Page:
New Jersey Jewish News
Shabbat dinner: the real Happy Meal
Theyre everywhere, like a scene out of a bad horror flick. Under beds, behind couches, wedged between seats of SUVs. No, Im not talking about invading aliens. Im talking about Polly Pocket, G.I. Joe, and the rest of the fast-food toy family. These plastic playthings are so rampant, in fact, that studies show one in three toys received by an American child is delivered via the drive-thru window.
Unfortunately the preponderance of these meals represents more than an onslaught of cheap imported knickknacks. It also is a harbinger of the demise of the old-fashioned family dinner.
In 2001, the National Center on Addiction and Substance Abuse and Coca-Cola teamed up to launch an annual Family Day to encourage families to eat dinner together on the fourth Monday in September. The government even provided a list of suggestions to facilitate the event: Eat dinner together. During dinner, turn off the TV and talk and listen to each other. Involve the entire family in planning and cooking the meal.
Families from any older generation would surely laugh at a government-issued annual family dinner prescription, say researchers at Emory Universitys MARIAL Center for the Study of Myth and Ritual in American Life, whose studies on the importance of such meals and storytelling have attracted the attention of such national publications as The New York Times, The Wall Street Journal, USA Today, and Newsweek. The helpful guidelines would seem as absurd to some as a manual instructing Americans on how to get dressed.
Yet it seems that such a specific decree is exactly what modern families need. Statistics show that kids today spend twice the time doing schoolwork and taking part in organized activities as they did a decade ago. In other words, whos got time to gather the gang for a hot-dog hoedown when youre shlepping from school to sports to lessons to kiddie stress management workshops?
It certainly might appear that eating a plate of pasta with our kids is an insignificant event in the scheme of things, but a plethora of recent research suggests that simple family dinners may be among our most powerful parenting tools toward ensuring our childrens present and future well-being. Studies show that kids whose families have regular meals together tend to have higher self-esteem, interact better with their peers, and show higher resilience in the face of adversity, including resisting smoking, drinking, illegal drug use, and experimenting with sex.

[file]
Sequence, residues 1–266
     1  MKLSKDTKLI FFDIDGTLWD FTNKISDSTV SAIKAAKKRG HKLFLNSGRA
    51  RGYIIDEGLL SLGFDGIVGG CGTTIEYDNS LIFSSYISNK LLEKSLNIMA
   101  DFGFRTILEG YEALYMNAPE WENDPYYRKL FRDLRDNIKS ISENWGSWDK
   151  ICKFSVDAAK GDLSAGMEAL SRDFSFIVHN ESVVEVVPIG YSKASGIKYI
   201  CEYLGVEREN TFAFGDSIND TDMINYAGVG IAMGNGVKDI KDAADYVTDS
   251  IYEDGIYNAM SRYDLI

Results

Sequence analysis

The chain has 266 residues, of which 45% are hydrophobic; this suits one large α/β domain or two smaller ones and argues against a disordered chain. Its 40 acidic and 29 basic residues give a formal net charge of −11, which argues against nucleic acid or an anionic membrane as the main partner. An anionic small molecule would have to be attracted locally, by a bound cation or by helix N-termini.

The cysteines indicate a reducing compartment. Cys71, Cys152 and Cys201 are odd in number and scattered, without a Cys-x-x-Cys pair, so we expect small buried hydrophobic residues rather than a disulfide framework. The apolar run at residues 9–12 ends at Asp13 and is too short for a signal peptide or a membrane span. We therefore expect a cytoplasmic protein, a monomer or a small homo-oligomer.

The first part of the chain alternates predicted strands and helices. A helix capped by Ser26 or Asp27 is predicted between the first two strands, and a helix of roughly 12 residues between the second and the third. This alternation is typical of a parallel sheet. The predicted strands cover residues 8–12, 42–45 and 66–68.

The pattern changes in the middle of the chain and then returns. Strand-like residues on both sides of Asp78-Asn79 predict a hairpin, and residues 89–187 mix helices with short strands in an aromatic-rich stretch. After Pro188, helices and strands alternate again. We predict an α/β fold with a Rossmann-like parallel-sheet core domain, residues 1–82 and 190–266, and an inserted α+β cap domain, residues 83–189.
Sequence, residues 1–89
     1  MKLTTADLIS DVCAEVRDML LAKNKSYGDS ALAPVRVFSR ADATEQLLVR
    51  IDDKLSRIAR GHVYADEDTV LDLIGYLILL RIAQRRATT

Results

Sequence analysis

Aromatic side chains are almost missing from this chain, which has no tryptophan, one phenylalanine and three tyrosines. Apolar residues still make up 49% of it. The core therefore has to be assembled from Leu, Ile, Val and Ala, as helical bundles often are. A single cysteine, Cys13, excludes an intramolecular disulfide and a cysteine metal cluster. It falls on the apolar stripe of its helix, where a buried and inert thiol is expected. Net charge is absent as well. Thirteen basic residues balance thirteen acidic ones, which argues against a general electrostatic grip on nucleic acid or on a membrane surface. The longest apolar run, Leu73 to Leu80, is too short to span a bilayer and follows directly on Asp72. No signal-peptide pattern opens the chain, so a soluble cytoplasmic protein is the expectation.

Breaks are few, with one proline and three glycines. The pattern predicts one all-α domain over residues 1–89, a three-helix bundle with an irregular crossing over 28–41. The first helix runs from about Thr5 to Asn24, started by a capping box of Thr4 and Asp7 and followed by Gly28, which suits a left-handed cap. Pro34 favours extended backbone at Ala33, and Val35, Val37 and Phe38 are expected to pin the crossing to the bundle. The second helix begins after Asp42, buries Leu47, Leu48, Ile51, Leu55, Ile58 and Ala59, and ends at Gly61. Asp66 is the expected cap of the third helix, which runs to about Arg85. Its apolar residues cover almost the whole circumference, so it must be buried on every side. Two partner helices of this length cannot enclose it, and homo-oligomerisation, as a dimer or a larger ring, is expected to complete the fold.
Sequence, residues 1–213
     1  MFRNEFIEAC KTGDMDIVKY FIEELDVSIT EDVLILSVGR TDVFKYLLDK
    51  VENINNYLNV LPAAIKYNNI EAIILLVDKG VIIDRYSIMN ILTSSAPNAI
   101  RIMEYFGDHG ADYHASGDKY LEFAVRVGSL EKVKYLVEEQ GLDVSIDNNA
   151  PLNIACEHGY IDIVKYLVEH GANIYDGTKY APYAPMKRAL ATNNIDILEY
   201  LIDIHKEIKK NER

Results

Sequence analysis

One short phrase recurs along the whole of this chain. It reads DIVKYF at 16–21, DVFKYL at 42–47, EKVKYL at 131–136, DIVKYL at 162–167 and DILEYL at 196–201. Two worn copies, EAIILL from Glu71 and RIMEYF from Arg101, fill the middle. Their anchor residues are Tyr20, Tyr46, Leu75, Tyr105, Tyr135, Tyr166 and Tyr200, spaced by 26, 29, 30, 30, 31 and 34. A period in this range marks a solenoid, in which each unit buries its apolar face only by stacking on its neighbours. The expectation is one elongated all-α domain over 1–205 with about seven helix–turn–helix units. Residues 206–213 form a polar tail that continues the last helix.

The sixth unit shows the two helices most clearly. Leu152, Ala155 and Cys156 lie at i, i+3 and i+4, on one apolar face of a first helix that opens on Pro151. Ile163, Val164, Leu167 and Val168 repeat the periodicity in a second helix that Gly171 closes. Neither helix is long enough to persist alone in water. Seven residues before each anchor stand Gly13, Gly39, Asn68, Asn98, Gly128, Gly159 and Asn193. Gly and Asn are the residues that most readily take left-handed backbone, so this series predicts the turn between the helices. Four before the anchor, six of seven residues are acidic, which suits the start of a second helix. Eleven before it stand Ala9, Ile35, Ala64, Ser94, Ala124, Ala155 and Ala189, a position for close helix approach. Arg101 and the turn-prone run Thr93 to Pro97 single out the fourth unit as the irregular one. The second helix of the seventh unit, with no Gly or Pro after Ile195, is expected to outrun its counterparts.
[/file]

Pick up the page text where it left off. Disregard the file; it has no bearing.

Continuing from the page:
Perhaps the most glorious rewards of the family dinner, however, are those that cant be measured: The happy buzz of stories passing between parent and child and kids wrapped securely in the familiar comforts of home. As family dinners disappear from the modern kids radar screen, experts fear that so, too, will their benefits.
One of the most marvelous aspects of Jewish tradition is its ability to guide, protect, and strengthen us at times when we need it most. As if our forefathers could see eons into the future knowing their ancestors would one day be faced with the invasion of Happy Meal toys they, too, gave us a prescription for a family dinner. Only instead of designating the fourth Monday in September, they mandated that we share an enjoyable, resilience-building, spiritually uplifting family dinner every Friday night.
As our sages clearly knew and researchers are only beginning to document the weekly Shabbat dinner is far more than hallah, baked chicken, and matza ball soup. It is a vehicle for wresting our kids from the dangerous clutches of Ronald McDonald and his cohorts. It is a means of keeping our families safe, sane, and happy in a stressful, frenetically paced world. It is a God-given tool for ensuring that our childrens future our future is as warm and bright as the glowing Sabbath candles.
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